RIFIFI (Not Rated)
Director: Jules Dassin
Producer: Rene Gaston Vuattoux, Rene Bezard, Henri Berard, Pierre Cabaud
Written by: Jules Dassin, Rene Wheeler, & August Le Breton based on Le Bretonís novel, Du rififi chez le hommes
Cast: Jean Servais, Carl Mohner, Robert Manuel, Jules Dassin, Marie Sabouret, Marcel Lupovici
Rating: out of 5
The centerpiece of Dassinís 1955 film noir classic is a taut, suspenseful break-in to a Parisian jewelry store (a sort of French equivalent to Tiffanyís) fortified with the latest in alarm technology. The break-in is shot in almost utter silence, other than a few muffled thumps and the sounds of the simple tools the burglars use to do the job. Itís an electrifying, nail-biting, 30-minute sequence and, if you havenít seen RIFIFI yet, is instantly recognizable as what must have been the inspiration for myriad break-in scenes to come.
Dour tough guy, Tony le Stephanois (Servais, wearing one of the world-weariest looks ever throughout the film), leads a quartet of thieves on the aforementioned heist. Itís that one big score that will set Tony and his friends up for life. Tony is reluctant to lead the crew, just coming out of a five-year stint in the pen, but gambling debts and his frustration with former love Mado (Sabouret) help convince him that associates Jo (Mohner, who looks like a íroided-up French version of Greg Kinnear) and Mario (Manuel) may actually be on to something with what seems like an impossible mission. Add safe-cracking, gal-crazy Cesar le Milanais (director Dassin, channeling the spirit of David Niven) and the crew is ready to go.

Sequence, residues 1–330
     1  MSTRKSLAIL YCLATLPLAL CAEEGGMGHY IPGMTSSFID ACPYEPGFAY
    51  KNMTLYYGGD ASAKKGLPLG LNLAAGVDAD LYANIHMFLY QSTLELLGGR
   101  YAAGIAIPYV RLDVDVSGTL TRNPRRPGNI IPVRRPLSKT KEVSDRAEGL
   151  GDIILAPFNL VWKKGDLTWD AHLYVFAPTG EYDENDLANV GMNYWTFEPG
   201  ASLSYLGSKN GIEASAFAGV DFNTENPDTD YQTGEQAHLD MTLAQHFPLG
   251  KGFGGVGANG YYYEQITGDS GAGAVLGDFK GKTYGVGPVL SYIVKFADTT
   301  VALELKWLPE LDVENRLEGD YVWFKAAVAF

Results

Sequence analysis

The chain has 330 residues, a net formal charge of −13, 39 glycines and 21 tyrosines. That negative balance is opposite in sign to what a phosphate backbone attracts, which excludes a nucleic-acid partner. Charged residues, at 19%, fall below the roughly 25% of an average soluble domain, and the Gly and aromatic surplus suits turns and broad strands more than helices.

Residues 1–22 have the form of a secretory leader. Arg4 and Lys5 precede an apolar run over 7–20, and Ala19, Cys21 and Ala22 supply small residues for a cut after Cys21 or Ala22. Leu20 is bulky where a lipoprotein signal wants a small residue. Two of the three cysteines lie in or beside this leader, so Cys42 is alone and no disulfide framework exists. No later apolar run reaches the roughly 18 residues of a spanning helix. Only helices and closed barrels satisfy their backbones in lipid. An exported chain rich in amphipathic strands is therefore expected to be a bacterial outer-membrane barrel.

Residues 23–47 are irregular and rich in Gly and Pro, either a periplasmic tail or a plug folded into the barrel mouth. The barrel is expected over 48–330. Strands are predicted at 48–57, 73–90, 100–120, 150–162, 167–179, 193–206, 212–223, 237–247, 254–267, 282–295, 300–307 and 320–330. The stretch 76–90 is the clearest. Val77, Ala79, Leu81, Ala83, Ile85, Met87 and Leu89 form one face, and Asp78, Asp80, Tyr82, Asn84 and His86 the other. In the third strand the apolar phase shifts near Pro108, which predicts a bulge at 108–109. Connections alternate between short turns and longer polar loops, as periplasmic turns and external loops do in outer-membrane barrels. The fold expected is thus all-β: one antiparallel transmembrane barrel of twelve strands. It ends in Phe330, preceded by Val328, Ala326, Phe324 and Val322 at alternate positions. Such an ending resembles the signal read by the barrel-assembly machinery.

The film breaks up into three segments: the crew, the break-in and the aftermath. Itís pretty standard stuff these days but the world shown in RIFIFI doesnít even come close to existing anymore. Everything is dim, smoky jazz clubs filled with curvaceous girls and gangsters, dark alleys, shadows, and a gorgeously foggy Paris captured through the expert lenses of Phillipe Agostini. Everything is at once familiar to the modern moviegoer because itís been imitated and shuffled around innumerable times. But Dassinís movie deserves not only credit for what it does, but also a viewing by those who havenít seen it before.
Take a pal and pay full price for both tickets.
Itís worth a full-price ticket.
Itís worth a matinee ticket.
Wait for video rental.
Check out the video from the library, if you must.
While we would never encourage anyone to destroy a video...